Spotting sea horses is a rare event in itself. Collecting a specimen sample of sea horse larva is even rarer. However, a sample has just been collected from the waters northeast of Delma Island. The sample was found and collected by experts of the Environment Agency – Abu Dhabi’s Marine Environment Research Centre.
About 35 species of seahorses occur around the world, while at least three species occur in the Arabian Gulf area. Seahorses can change colour to match their background and, much like humans, are generally monogamous.
The male and female, in monogamous pairs, will greet one another with courtship displays in the morning and sometimes in the evening to reinforce their pair bond. They spend the rest of the day separate from each other hunting for food. Evidence gathered so far suggests that when seahorses stick with a partner for a while they get better at producing babies as a team.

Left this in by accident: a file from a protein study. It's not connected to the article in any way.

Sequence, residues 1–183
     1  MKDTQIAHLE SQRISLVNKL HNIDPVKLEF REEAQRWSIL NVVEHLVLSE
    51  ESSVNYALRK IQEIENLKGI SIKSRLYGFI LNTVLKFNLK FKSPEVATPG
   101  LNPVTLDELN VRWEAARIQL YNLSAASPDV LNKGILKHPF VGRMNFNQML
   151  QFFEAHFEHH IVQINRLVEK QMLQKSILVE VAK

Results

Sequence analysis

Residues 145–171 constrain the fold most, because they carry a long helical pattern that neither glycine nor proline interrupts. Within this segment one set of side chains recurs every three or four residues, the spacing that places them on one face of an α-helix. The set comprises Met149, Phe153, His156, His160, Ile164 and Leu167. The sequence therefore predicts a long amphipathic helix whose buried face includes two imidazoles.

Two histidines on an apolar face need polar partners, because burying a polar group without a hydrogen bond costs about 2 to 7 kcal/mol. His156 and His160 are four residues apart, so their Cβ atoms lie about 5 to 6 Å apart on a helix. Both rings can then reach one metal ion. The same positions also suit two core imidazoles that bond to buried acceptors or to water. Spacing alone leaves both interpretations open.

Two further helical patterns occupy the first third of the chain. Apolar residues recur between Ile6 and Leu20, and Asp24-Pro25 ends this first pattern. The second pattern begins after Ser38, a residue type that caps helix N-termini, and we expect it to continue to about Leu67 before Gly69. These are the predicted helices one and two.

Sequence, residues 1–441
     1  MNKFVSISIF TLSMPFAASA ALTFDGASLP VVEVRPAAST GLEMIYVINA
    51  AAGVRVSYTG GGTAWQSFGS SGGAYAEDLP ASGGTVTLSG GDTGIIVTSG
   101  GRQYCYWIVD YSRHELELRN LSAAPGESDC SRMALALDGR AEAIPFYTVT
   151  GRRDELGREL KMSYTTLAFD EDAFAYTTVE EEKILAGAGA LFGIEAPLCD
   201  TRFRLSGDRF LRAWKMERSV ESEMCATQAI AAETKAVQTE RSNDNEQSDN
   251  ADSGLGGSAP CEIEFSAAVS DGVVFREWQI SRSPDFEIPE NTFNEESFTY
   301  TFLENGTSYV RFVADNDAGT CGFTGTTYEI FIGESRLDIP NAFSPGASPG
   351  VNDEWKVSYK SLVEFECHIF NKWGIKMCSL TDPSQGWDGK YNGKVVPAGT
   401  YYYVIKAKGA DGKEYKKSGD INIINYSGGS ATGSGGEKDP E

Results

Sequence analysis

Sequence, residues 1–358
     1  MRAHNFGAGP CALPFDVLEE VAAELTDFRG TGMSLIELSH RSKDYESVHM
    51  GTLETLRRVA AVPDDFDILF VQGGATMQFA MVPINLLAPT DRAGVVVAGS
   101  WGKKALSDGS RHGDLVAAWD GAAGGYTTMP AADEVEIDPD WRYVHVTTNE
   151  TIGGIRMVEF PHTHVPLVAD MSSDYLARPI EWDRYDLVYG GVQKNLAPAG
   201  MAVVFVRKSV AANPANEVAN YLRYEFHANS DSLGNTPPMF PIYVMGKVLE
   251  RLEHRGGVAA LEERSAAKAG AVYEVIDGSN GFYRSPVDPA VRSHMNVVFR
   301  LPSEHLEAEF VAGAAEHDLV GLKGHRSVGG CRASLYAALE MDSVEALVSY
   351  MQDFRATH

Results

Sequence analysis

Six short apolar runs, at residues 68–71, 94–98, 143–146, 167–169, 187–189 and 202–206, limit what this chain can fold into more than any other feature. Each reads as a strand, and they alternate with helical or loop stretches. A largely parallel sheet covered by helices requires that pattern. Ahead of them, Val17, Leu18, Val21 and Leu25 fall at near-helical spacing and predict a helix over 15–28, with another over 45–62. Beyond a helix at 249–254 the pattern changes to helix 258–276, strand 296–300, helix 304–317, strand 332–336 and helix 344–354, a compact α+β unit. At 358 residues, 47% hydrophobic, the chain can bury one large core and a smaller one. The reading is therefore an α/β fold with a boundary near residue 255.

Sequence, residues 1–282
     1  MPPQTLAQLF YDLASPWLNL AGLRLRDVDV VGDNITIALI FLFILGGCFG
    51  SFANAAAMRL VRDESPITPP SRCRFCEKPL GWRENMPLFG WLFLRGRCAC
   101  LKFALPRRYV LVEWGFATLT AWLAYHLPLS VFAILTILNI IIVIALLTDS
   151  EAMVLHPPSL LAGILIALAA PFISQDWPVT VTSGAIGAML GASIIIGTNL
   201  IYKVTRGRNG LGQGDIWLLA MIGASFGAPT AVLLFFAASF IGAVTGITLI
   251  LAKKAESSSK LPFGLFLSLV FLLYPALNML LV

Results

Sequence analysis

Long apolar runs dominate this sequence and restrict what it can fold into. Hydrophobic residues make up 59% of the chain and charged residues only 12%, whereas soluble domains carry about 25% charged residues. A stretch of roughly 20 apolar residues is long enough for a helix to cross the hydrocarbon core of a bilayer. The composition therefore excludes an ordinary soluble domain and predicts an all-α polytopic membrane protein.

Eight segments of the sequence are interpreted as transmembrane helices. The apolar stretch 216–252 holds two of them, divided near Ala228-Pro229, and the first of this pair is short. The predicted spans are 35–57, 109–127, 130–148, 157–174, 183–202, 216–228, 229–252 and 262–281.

Seahorses are also notable for being the only species in the world in which males become pregnant. The seahorses display a most extreme example of fatherhood providing the care that we know in the animal world. The males not only take charge of the eggs, they also provide oxygen through a capillary network in the pouch, and they also transfer nutrients. They also control the pouch environment so that it changes during the pregnancy to become more like salt water. The male gives birth to tiny seahorses, some as small as 0.4 in. long.
Seahorses are particularly vulnerable to overexploitation due to low mobility. Import and export of seahorses has been controlled under CITES since 2004. Furthermore, almost all seahorses are listed on the 1996 International Union for the Conservation of Nature "Red List." Recently, seahorses around the world have been specifically targeted as Chinese medicines and aphrodisiacs and also as aquarium fishes. (Emirates News Agency, WAM)